Bermuda's Coat of ArmsBud's Big Blue
The three-masted ship that appears on many of Bermuda’s classical era stamps begs speculation. It is intended, no doubt, to symbolize the Sea Venture, which was deliberately crashed on the island in 1609 during a heavy storm, all passengers surviving. Flagship in a rescue flotilla headed for Jamestown, the Sea Venture may have been “England’s first built-to-order emigration vessel;” 1 others suggest perhaps the first “single-timbered, armed merchant ship built in England.” 2 Who knows?
Scott’s Catalog labels it a caravel. While the drawing in some ways resembles a caravel, the original certainly was not one. Judging from a stamp-sized drawing is difficult. It’s rather like looking at a generic sketch of a 1930s auto and declaring it to be a Buick. Maybe, maybe not.
The stamps’ ship appears to be sailing under English royal flags.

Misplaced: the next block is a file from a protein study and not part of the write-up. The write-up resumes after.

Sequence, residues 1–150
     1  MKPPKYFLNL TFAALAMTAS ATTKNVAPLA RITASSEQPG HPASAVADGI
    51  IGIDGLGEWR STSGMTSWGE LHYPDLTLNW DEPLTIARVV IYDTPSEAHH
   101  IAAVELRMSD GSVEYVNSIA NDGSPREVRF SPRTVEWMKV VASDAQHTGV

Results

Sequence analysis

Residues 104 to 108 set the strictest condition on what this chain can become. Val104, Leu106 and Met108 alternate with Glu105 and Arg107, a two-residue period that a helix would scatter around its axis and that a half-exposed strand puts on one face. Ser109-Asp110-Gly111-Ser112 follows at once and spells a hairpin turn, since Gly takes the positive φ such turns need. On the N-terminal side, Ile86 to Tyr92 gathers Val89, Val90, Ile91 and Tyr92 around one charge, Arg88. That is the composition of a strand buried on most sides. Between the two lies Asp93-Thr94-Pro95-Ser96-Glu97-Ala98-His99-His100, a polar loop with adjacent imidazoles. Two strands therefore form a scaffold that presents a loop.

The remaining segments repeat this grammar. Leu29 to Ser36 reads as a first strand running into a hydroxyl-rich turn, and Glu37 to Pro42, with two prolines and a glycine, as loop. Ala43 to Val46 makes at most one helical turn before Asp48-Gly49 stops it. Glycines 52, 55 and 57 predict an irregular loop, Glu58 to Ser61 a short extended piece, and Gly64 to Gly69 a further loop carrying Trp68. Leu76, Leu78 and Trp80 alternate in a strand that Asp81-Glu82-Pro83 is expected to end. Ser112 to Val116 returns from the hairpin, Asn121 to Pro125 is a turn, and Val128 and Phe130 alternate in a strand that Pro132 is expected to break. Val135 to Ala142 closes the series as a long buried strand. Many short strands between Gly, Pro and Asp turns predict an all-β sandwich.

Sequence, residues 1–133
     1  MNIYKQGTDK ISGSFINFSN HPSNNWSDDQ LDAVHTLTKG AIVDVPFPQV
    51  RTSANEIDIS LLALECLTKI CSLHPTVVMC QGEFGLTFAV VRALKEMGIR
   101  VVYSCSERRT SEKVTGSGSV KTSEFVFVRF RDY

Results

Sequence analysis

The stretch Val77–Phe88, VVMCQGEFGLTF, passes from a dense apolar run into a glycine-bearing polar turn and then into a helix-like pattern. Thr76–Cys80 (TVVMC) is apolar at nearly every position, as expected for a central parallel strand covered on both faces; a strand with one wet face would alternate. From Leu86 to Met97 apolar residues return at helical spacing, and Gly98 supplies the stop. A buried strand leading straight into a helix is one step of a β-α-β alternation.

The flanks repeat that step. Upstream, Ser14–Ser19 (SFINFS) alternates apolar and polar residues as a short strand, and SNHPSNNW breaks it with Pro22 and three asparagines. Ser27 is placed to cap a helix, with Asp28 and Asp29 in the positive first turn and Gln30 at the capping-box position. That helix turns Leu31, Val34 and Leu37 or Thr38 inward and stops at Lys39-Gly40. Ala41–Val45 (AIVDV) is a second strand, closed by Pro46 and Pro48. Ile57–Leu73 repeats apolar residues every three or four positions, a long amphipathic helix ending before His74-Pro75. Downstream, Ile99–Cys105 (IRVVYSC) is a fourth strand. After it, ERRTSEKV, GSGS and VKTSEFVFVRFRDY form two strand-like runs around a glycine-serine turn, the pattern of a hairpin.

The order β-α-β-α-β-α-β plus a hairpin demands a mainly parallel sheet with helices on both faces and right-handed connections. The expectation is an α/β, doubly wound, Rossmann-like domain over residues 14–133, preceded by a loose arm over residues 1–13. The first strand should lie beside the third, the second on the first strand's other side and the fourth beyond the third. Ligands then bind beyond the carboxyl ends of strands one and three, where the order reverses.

Since the wreckage of the Sea Venture was scavenged to build vessels for the survivors to continue their voyage to Jamestown, what the ship actually looked like will likely never be known, although model builders have made several informed guesses. Bermuda’s current coat of arms resolves the problem creatively (see above). It simply shows a shipwreck over the motto “whither the fates carry,” a phrase clipped from Virgil's Aeneid. The arms and motto appear indistinctly in the upper right corner of the 1921 Tercentenary issues.
Despite the vagaries of Bermuda’s early sailing ships, the importance of seafaring is a recurring theme in the country’s stamps. Over 70 percent of BB’s Bermuda offerings are nautical-related. Even the 1902-1910 series features a dry dock -- which is also cloaked in historical uncertainty.
Census: 60 in BB spaces, 5 tip-ins, 21 on supplement page.
Shakespeare's play,The Tempest was thought to have been inspired by an account of the 1609 shipwreck of the Sea Venture, flagship of a the flotilla originally set to recolonize Jamestown, but instead founding a new colony.
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